Ralph Fiegel, another member of the Saltbox kitchen staff, introduced a beer brewing program at the farm, setting up shop in a small room off the dining room. His repertoire currently includes five varieties that his colleagues deem pretty impressive. While the farm is not licensed to serve the beer, students will be able to use it in cooking. It will be featured in a “Celebrating beer in the kitchen” class, used to braise sausages and make fondue. And students will use spent beer grains to make bread.
Classes at Saltbox last about three hours and include a sit-down meal after preparation—though Elliott notes that prep time includes “lots of eat-as-you-go.” The dining room boasts a walk-in-sized fireplace that will soon hold a spit for roasting whole animals.
Initially, most students came from the immediate area—Concord, Lexington, and Lincoln, a few from Newton and Brookline. As word gets out, the mix is sure to expand.
In Somerville, Mark DesLauriers holds a one-man culinary school, ArtEpicure, in the space he and his wife used to occupy in the Brickbottom Artists Building (they moved upstairs when he opened the school). When he was growing up, his parents owned a restaurant in Townsend, Massachusetts. DesLauriers says, “I always knew I’d probably become a chef but I didn’t know my path.”
The chef-turned-instructor left home in the early 1970s, when he was 17, and traveled the world, working in kitchens from Evansville, Indiana to Belize to Amsterdam to Tunis before returning to the Boston area in 1999 with his German wife, whom he met in Amsterdam.
In 2006, after working in a gourmet shop and helping open a restaurant and a gastro-pub, DesLauriers launched ArtEpicure, offering hands-on classes in a high-ceilinged, somewhat eclectic space with a basic oven, two induction burners, and a center island where students gather under an impressive collection of hanging copper and enamel pots and pans. One wall is lined with roughly half of DesLauriers’1,000-volume cookbook collection. The space is almost exactly as it was when DesLauriers and his wife lived there. It was important to teach in a home kitchen, he says, because the equipment, for the most part, mimics what most of his students have. Over the years, he has added extras, like the induction burners, a sous vide water oven, and a serious ice cream maker. He picks up top-of-the-line pots, pans, and tableware at discount stores and estate sales.
ArtEpicure offers classes for groups of up to eight, and private parties for groups of eight to 14, in which the person or group planning the gathering works with DesLauriers to set the menu. “I’ve been to more bachelorette parties than a lot of women,” he deadpans. Classes are four hours long. “Everyone works together,” DesLauriers notes. “Some people may work on lentils, while others sweat vegetables. In a pasta class, two people make the dough. Everybody gets a chance to roll it.” Students usually prepare three courses, then feast together on the results.
Between private and public classes, DesLauriers is in the kitchen about five times a week. People come from as far away as New Hampshire, Rhode Island, and Connecticut. Skill levels of attendees are “all over the board,” DesLauriers says, ranging from skilled home cooks to neophytes. He has even had restaurant cooks who simply want to learn a particular craft or cuisine. Most classes are in the evening, but the Sunday brunch offering, fittingly, is held late Sunday morning.
The fall schedule includes classes on vegan Indian, classic German, and country French cooking, all of which are popular topics. DesLauriers often plans a “couples date night” class. In October, that will feature duck. “Every month I try to add new [classes] to see how it works out,” he says. Because he has so many returning students, he receives a lot of requests. Recently, people have wanted to know how to cook for the Paleo diet, so Paleo Indian and Paleo Latin America classes were popular.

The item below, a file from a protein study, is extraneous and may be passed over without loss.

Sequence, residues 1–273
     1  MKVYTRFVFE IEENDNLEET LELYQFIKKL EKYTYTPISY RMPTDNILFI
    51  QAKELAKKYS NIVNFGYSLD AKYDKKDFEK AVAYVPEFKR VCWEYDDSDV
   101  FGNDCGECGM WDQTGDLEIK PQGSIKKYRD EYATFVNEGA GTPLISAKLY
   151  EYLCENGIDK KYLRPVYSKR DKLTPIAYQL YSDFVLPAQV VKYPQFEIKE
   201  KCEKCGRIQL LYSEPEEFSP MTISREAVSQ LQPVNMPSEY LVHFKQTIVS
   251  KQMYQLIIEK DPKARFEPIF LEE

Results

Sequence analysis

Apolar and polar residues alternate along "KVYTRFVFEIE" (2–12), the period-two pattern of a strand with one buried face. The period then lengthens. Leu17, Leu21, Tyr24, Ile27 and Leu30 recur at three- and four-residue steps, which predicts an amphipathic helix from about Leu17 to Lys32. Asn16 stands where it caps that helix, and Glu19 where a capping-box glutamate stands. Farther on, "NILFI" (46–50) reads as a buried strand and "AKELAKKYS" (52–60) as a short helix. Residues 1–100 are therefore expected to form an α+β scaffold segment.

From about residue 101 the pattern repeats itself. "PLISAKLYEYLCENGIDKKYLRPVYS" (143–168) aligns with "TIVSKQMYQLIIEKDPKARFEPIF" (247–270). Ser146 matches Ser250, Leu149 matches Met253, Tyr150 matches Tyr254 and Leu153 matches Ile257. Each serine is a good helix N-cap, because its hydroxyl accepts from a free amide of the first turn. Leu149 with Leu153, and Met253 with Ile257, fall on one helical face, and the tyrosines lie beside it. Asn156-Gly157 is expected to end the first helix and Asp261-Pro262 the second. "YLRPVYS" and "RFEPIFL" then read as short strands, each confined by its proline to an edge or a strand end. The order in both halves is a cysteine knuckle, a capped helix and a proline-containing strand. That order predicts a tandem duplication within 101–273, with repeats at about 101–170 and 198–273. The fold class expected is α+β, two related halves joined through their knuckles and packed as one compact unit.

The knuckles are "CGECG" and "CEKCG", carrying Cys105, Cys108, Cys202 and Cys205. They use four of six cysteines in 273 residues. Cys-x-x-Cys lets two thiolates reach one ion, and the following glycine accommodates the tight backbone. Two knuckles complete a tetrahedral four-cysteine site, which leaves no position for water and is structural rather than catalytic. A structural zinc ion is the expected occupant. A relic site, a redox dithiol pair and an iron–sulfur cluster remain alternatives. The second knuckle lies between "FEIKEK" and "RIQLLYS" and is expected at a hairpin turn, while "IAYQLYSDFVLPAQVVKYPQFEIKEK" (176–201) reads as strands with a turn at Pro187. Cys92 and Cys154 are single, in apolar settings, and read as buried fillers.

“Part of my job is a lot like doing stand-up,” DesLauriers says. “It’s entertainment.” He describes the classes as “a dinner party almost every night. I’m with people having fun.”
In a bucolic setting on 1,000 acres in Ipswich, the kitchen staff at Appleton Farms, one of the nation’s oldest continuously operating farms and the oldest working farm in Massachusetts (see Edible Boston, Spring 2013), launched Appleton Cooks!, a series of hands-on culinary classes and workshops, last June. Established in 1636, Appleton Farms was owned by nine generations of Appleton family members before it was given to the Trustees of Reservations in 1998. Four years later the farm established a CSA, which is currently one of the largest in the country. And in 2011, following completion of a dairy processing facility and creamery, farmers began producing cheese, butter, and Greek-style yogurt from the milk of its herd of Jersey cows.
A staff of five chef-educators leads the classes, which are held in the farm kitchen or outside, around the earth oven. According to Susan Wood, farm kitchen program manager, most classes last three hours and accommodate up to 12 people. Everything taught in class can be reproduced in home kitchens. Chefs use ingredients from the farm when they can and draw on the bounty of nearby farms as well.
Fall courses will include a late September wild fermentation workshop, holiday hors d’oeuvres, and Thanksgiving on the farm. An autumn harvest in New England class, featuring root vegetables, winter squashes, and fall fruits, will include an optional visit to the fields to harvest ingredients and see how they are grown. Wood notes that while the Appleton Cooks! staff plans the class schedule in advance, they are open to customizing classes.
Saltbox Farm, 40 Westford Road, Concord 978.610.6020 saltboxfarmconcord.com
ArtEpicure, 1 Fitchburg Street, Somerville 617.996.5334 artepicure.com
Appleton Cooks! Route 1A, Hamilton and Ipswich 978.356.5728 thetrustees.org/places-to-visit/csa/appleton-farms-csa/appleton-cooks/
Andrea Pyenson is taking a course on baking flatbread in a wood-burning oven as soon as she finishes this story. She writes about food and travel and has co-authored two cookbooks.